In 1965 Jerry Leggio designed the motion picture casting system for the Louisiana State Employment Service (today's Louisiana Workforce Commission). In 1969 he was awarded a State Science Foundation contract to Develop the Motion Picture Industry in Louisiana and In 1975 he led a multi-state committee to form the National Cineposium .
Jerry is the recipient of the 2014 ANNE PRICE LIFETIME ACHIEVEMENT AWARD in recognition of his pioneering efforts to grow the film industry in Louisiana.
Sunday, August 24, 2014
The Plymouth Belvedere
was a Plymouth named Belvedere, a car that many thought very queer.” OK, no more limerick. Remember the Belvedere? No?
Then you must be younger than 50.
Here’s my story of the Belvedere.
In 1964 my
1958 Nash Rambler finally croaked. After
first getting the engine rebuilt in 1962, then the transmission rebuilt in
1963, my patience was finally severed
when in 1964 the transmission once again chose to refrain from transmitting. That was it.
NO MORE RAMBLER. Less than 90,000
miles and when I once again heard some clanking and clunking, I swore it
sounded as if it was saying “Adios, Jerry; adios, Jerry”. I was actually relieved. I had vowed to get rid of it if another major
failure developed. So I returned the
greeting “Ciao, AMC; Ciao, AMC” meaning I would NOT be buying another product
from American Motors Corporation.
friend, Jay Washauer, had a brother who owned a used car lot. I forgot the brother’s name, so I will just
refer to him as Jim. Jay introduced me
to Jim who graciously interviewed me as though I were seeking a job. “No,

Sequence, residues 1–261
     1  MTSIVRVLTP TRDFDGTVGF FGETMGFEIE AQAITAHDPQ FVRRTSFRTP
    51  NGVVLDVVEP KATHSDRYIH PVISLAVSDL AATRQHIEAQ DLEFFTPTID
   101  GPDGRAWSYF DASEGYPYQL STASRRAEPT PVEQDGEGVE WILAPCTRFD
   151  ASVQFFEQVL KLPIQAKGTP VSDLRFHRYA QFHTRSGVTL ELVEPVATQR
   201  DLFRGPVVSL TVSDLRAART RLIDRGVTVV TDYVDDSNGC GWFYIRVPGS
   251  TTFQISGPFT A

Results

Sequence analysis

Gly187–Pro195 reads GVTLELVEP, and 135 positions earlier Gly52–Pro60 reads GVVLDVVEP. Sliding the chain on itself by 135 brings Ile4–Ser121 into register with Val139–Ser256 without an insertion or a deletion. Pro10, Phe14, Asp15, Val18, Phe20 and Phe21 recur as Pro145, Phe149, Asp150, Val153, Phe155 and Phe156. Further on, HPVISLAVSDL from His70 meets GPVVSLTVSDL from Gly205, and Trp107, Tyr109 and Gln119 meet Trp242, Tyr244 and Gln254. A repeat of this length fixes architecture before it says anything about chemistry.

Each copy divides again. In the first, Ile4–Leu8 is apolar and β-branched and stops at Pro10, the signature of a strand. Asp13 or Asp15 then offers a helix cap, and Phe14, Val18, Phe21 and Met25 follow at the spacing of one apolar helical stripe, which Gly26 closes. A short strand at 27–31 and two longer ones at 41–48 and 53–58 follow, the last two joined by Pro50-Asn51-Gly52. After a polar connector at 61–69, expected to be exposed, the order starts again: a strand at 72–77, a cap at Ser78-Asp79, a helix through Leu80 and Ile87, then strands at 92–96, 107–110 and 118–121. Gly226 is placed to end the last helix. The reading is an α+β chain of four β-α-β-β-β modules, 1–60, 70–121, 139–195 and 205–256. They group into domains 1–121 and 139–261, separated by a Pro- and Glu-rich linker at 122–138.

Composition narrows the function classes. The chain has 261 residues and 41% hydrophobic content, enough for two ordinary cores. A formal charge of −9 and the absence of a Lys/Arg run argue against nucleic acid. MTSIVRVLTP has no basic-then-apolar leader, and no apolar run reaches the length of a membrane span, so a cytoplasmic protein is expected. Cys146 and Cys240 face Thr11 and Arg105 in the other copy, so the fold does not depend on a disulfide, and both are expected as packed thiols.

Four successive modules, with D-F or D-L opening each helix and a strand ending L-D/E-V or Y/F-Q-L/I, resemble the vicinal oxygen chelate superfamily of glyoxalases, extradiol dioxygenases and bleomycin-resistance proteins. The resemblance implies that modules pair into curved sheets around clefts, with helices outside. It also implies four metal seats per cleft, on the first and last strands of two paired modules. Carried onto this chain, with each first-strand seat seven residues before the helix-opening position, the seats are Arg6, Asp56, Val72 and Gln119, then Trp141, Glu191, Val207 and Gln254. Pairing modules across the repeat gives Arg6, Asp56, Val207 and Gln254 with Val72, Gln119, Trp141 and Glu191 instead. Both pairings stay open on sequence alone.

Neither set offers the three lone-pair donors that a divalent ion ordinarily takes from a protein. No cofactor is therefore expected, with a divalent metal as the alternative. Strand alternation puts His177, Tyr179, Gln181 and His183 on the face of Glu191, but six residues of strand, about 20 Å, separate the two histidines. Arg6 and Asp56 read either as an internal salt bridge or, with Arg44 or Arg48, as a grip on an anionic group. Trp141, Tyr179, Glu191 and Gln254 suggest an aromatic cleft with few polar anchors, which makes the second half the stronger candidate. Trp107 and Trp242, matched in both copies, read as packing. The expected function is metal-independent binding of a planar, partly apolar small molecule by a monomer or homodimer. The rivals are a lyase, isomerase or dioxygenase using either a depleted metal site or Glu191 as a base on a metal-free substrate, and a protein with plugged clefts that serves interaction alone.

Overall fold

Jim, I need a car, a good, cheap, dependable used car. Jay says you can help me.”
So Jim said “Oh, a cheap car?” I said “Yes,
a cheap, DEPENDABLE car.” Jim said
“…then you won’t want anything I have on
my lot, but I can get you a great little Plymouth Belvedere.”
Jim had a car
dealer’s “pipeline” to the Michoud Corporation, a major NASA contractor located
on the coast. He said that Michoud
contracted with the Chrysler Corporation for their fleet cars and turned them
over every 2 years. He said when cars
were being retired from the fleet after their 2 year tours, Chrysler
re-conditioned them and sold them to
used car dealers with full 2 year warrantees.
a 2 year old, fully reconditioned 2-yr warranted Plymouth Belvedere for me at
his cost of $700….. a hell of a good deal.
Gloria and I were thrilled. The
only feature in that car we had a little trouble getting used to was the
push-button transmission. Until we
became conditioned to that change we kept reaching for a gear-shift lever that wasn’t there.
But that was the only draw-back …. at first.
Dependable? You bet!
Mechanically this car was perfect, never a moments trouble, very sound. We put many miles on it, going on many Florida, Arkansas and Tennessee
vacations … never encountering any problems.
We felt blessed.
We used to
frequent Bogue Falaya wayside park just east of Covington. This
park was on the Tchefuncte River and was a favorite picnic spot, offering clean
river swimming, playgrounds and ample picnic tables. We loved it.
Gloria said “Why don’t we go to Bogue
Falaya today.” All four kids in
unison belted out “YEAH!”. I observed that the weather seemed somewhat